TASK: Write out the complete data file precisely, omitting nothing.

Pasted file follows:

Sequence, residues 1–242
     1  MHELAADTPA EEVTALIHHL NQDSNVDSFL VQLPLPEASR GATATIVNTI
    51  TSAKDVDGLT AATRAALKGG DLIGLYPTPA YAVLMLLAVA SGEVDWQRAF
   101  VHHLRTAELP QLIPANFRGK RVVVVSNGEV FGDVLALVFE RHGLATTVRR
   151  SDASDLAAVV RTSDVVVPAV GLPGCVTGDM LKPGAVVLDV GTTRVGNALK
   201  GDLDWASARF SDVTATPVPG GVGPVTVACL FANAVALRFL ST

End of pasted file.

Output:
Sequence, residues 1–242
     1  MHELAADTPA EEVTALIHHL NQDSNVDSFL VQLPLPEASR GATATIVNTI
    51  TSAKDVDGLT AATRAALKGG DLIGLYPTPA YAVLMLLAVA SGEVDWQRAF
   101  VHHLRTAELP QLIPANFRGK RVVVVSNGEV FGDVLALVFE RHGLATTVRR
   151  SDASDLAAVV RTSDVVVPAV GLPGCVTGDM LKPGAVVLDV GTTRVGNALK
   201  GDLDWASARF SDVTATPVPG GVGPVTVACL FANAVALRFL ST